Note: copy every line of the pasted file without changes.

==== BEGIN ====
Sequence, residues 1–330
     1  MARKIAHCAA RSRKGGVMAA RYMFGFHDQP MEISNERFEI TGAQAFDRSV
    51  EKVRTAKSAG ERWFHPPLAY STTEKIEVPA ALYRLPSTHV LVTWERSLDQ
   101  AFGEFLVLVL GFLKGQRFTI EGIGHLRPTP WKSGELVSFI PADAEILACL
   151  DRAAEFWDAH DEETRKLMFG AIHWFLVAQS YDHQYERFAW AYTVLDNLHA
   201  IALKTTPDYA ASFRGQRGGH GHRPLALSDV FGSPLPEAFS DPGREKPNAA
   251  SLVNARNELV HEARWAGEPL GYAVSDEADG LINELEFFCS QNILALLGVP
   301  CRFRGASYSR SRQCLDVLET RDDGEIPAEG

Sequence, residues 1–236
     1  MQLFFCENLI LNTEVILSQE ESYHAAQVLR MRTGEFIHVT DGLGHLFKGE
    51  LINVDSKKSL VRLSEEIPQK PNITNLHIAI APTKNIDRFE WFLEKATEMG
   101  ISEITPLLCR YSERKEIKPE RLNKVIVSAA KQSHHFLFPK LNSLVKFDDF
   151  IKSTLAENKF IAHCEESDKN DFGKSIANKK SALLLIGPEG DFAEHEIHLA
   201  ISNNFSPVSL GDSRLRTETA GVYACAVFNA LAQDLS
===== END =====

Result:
Sequence, residues 1–330
     1  MARKIAHCAA RSRKGGVMAA RYMFGFHDQP MEISNERFEI TGAQAFDRSV
    51  EKVRTAKSAG ERWFHPPLAY STTEKIEVPA ALYRLPSTHV LVTWERSLDQ
   101  AFGEFLVLVL GFLKGQRFTI EGIGHLRPTP WKSGELVSFI PADAEILACL
   151  DRAAEFWDAH DEETRKLMFG AIHWFLVAQS YDHQYERFAW AYTVLDNLHA
   201  IALKTTPDYA ASFRGQRGGH GHRPLALSDV FGSPLPEAFS DPGREKPNAA
   251  SLVNARNELV HEARWAGEPL GYAVSDEADG LINELEFFCS QNILALLGVP
   301  CRFRGASYSR SRQCLDVLET RDDGEIPAEG

Sequence, residues 1–236
     1  MQLFFCENLI LNTEVILSQE ESYHAAQVLR MRTGEFIHVT DGLGHLFKGE
    51  LINVDSKKSL VRLSEEIPQK PNITNLHIAI APTKNIDRFE WFLEKATEMG
   101  ISEITPLLCR YSERKEIKPE RLNKVIVSAA KQSHHFLFPK LNSLVKFDDF
   151  IKSTLAENKF IAHCEESDKN DFGKSIANKK SALLLIGPEG DFAEHEIHLA
   201  ISNNFSPVSL GDSRLRTETA GVYACAVFNA LAQDLS